What Successful Movements Have in Common. The declaration of surrender was touted as a triumph: “Microsoft Loves Linux,” the headline read, but just a decade earlier, the firm’s then CEO, Steve Ballmer, had called Linux a cancer.
The all-powerful tech giant had lost and lost badly — to a ragtag band of revolutionaries, no less — but still seemed strangely upbeat. Overthrows like these are becoming increasingly common and not just in business. As Moisés Naím observed in his book, The End of Power, institutions of all types, from corporations and governments to traditional churches, charities, and militaries, are being disrupted. “Power has become easier to get, but harder to use or keep,” he writes. The truth is that it’s no longer enough to capture the trappings of power, because movements made up of small groups are able to synchronize their actions through networks.
Make Your Purpose Clear In a previous article about why some movements succeed and others fail, I compared the Occupy and Otpor movements. Let’s Clean Up the World! – clay forsberg. When I started the Community 3.0 project a few years ago my goals was to synthesize community civic empowerment with organic small business development.
In doing that I proposed the concept of turning locally owned businesses into a concept I termed “Front Porches.” A Front Porch was a hub for informal community gatherings designed to promote civic engagement through volunteerism. I created examples of twenty projects, or Solutions, a Front Porch could create to serve its community. These projects included both solving the problems that had fallen through the cracks or taking advantage of the opportunities that presented themselves. The Solution that always seemed to gravitate to the front of my consciousness was“cleaning up the community.” Do you ever walk past that vacant lot and wonder what could be … what could be if someone did something, anything. Consider a building with a few broken windows. Let’s Do It! Let’s Do It! Be a Shepherd Director Community Empowerment Concierge (CEC)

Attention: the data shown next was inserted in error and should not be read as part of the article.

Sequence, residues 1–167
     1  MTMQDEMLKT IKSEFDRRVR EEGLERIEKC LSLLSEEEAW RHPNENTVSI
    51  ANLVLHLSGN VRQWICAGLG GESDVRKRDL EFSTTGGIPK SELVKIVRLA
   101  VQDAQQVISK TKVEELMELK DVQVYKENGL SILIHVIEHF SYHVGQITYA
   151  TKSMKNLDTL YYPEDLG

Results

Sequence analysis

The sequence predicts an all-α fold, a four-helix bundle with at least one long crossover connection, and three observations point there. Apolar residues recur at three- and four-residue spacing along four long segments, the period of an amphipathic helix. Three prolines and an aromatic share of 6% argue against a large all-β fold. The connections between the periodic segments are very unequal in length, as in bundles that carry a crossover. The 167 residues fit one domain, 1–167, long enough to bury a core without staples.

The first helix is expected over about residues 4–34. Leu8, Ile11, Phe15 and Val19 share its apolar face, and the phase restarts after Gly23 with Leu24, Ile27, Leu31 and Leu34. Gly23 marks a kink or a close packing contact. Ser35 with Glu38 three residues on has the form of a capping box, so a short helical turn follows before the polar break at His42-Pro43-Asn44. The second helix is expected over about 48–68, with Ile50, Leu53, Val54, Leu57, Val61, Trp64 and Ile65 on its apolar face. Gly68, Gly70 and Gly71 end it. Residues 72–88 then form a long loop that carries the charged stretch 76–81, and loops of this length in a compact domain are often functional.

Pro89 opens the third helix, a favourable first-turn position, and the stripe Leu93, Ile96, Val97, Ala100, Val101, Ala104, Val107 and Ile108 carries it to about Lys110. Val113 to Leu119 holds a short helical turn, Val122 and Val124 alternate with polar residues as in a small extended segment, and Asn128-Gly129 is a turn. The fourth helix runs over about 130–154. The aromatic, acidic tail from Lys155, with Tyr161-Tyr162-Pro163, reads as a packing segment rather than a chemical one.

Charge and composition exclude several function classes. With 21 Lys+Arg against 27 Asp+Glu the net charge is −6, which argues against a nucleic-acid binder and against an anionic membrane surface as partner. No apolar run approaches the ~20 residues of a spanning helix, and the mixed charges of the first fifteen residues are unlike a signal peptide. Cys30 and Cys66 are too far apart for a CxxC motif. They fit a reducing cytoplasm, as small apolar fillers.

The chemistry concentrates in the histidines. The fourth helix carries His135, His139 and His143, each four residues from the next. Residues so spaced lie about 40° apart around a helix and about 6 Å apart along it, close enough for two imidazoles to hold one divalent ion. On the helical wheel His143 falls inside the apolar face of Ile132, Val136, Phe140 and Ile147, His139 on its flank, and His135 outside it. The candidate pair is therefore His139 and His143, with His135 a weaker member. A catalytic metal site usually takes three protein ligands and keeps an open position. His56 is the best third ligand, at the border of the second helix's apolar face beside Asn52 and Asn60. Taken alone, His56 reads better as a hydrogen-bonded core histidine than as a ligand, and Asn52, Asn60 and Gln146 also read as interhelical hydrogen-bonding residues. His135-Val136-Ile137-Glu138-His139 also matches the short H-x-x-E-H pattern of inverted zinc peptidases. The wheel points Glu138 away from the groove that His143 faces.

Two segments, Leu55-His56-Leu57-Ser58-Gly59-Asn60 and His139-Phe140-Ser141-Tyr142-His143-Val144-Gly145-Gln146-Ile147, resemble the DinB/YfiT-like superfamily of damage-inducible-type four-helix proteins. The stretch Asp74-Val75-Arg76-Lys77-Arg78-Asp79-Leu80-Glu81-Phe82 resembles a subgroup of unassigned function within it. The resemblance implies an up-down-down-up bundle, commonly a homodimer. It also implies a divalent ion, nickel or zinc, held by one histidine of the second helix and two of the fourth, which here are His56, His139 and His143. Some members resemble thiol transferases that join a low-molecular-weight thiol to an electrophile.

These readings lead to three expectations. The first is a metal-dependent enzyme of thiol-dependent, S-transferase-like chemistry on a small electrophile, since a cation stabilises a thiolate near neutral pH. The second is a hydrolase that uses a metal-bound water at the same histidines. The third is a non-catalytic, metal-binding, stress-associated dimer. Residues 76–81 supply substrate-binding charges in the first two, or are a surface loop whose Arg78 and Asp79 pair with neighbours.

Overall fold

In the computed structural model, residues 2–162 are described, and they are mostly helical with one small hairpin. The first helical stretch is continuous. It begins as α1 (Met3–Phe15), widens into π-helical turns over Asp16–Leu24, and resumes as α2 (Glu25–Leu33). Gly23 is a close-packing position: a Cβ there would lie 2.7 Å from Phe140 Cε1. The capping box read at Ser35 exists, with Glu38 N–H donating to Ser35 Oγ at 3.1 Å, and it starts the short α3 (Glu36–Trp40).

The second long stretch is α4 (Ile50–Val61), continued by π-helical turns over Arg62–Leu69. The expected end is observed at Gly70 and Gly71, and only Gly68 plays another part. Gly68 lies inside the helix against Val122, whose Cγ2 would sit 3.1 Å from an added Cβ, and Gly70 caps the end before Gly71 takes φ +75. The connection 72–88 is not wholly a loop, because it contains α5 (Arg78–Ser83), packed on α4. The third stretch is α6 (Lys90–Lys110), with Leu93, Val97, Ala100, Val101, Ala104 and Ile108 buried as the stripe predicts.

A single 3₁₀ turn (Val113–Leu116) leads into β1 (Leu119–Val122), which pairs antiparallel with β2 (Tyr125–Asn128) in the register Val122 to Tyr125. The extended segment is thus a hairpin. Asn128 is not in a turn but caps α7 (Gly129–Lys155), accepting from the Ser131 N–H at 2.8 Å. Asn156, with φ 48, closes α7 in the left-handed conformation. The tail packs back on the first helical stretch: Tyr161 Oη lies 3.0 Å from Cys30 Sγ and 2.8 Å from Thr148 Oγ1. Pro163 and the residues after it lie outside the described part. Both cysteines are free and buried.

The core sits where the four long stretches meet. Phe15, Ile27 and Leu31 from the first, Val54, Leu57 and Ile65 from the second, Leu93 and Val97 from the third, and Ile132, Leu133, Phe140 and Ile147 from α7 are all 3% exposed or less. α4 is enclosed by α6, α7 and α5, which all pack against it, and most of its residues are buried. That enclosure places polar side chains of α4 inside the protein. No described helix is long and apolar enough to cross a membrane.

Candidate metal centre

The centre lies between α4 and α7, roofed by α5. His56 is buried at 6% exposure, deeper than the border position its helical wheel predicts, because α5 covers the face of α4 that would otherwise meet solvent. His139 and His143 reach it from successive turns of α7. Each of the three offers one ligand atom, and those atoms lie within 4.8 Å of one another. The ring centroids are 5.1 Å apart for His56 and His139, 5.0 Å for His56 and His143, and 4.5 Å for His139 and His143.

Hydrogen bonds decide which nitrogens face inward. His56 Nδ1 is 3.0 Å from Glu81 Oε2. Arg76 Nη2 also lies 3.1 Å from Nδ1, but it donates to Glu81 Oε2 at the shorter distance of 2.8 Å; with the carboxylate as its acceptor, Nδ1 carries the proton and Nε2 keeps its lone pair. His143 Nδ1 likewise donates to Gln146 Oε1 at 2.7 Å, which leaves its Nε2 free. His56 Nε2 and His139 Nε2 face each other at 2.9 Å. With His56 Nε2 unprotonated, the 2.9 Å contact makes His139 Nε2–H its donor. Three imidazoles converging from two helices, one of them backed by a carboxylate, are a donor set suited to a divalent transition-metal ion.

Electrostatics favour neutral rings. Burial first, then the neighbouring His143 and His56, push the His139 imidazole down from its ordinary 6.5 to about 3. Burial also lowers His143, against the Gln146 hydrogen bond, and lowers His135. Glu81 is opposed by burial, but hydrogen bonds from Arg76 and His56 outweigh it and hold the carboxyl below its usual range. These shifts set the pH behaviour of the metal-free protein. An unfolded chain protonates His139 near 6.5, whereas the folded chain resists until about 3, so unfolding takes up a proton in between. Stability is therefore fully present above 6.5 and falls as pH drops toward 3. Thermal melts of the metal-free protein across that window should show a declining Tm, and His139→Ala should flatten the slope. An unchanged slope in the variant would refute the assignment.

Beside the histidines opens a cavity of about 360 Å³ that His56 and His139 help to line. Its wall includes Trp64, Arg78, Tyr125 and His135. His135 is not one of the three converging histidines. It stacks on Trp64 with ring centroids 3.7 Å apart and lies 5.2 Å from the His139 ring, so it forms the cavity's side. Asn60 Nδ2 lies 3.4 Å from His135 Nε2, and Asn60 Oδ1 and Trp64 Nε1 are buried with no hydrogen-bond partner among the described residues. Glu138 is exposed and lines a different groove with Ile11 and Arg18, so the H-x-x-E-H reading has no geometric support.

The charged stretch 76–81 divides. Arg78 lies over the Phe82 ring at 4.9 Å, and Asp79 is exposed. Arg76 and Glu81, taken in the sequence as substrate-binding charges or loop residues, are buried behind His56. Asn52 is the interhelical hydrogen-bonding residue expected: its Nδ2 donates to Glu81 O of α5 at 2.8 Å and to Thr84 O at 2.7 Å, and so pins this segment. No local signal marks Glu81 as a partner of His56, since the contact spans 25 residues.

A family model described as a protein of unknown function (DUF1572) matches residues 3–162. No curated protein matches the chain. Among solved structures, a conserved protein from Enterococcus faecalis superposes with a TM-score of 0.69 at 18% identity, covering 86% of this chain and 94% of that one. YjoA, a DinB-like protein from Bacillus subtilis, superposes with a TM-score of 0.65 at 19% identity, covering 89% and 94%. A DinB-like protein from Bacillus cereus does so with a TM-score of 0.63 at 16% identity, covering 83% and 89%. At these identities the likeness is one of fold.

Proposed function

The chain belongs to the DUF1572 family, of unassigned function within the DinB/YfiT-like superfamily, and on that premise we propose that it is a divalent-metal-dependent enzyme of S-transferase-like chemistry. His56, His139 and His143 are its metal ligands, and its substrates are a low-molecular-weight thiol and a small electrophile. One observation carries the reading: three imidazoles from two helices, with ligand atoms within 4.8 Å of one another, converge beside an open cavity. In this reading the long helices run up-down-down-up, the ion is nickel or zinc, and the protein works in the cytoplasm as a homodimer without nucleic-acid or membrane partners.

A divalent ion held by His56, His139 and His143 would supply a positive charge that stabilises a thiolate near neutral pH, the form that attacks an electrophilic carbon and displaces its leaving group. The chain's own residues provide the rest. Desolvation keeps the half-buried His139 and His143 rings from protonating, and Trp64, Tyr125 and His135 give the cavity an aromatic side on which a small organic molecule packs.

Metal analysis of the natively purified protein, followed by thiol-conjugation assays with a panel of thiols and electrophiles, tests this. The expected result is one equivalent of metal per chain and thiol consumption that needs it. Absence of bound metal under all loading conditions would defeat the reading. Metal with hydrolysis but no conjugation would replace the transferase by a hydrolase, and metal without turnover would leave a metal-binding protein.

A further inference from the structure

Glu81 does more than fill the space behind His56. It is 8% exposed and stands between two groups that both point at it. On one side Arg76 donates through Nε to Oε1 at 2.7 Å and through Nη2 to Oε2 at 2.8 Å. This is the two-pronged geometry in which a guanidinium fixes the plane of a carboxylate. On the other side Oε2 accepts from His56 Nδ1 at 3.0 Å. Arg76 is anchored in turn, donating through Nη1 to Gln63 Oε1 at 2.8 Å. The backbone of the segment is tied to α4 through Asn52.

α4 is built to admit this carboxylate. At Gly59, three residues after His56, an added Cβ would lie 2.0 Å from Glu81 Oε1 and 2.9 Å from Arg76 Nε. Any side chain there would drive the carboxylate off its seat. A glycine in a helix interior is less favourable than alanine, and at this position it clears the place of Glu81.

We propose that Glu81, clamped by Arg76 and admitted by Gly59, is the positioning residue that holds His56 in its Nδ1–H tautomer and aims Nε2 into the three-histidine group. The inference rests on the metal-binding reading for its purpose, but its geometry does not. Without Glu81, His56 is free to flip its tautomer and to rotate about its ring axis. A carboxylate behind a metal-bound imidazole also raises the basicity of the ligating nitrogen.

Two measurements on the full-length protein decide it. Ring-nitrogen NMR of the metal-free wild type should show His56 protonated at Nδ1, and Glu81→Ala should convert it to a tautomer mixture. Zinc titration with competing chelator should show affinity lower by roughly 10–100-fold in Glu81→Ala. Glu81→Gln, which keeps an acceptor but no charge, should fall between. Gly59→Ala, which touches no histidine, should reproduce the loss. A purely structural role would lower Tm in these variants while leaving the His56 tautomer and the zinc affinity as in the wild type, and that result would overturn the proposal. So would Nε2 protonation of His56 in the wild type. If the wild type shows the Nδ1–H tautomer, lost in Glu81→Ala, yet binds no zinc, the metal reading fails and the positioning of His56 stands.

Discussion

What are the best productivity tools for entrepreneurs? A review of NationBuilder – Movements at the Station. NationBuilder is an online tool offering web, database, payment processing, and email functionality.
It seems to have found a toehold in Australia, at least amongst NGOs: Crikey reports on its uptake by “The Australian Council of Trade Unions, federal Labor and leading Greens”. In particular, it seems a popular option for the insurgent “micro-site”: see “Bust the Budget” or United Voice Victoria’s “We Are Crown“. I first used NationBuilder on the ACT Greens’ 2013 Federal Election Campaign, developing a sense of its strengths and shortcomings. Since, I’ve spoken with a number of organisations and individuals wondering whether NationBuilder is right for them. I thought it would be useful to publicise my thoughts, and provide information more openly about what NationBuilder can – and can’t – offer. NationBuilder isn’t “the best” – nothing is A caveat: the question “what system should I use?” But what are these benefits? NationBuilder makes Organising Natural NationBuilder is also proprietary. NationBuilder software features for governments.
“I want to hear from my constituents.
How can I figure out who cares about a particular issue so I can target communications to them? Mayor Dynamic profilesSocial matchingSocial share prompts “How do I make it easy for people to tell us what they care about so they can feel engaged by their government? NationBuilder software features for higher education. “We have alumni clubs all over the world.
How can I encourage local activity while maintaining central oversight? Director of Alumni Relations Multiple databasesData sharingCustom permission sets “Participation in our Annual Fund is stagnant. What can I do to grow our donor base? Development Director CrowdfundingPersonal fundraising pagesFundraiser leaderboards “Is there an easier way to run my club’s website, publicize events, and grow our membership? NationBuilder software features for political campaigns. “How can I integrate voter data with other types of engagement to get a complete picture of our supporters, donors, and volunteers?
Data Director “How can I use multiple streams of data to inform smart voter contact?
Collective Impact. Positive Relationships. Planning for Complexity. Visual Facilitation. Children Wellbeing Resources.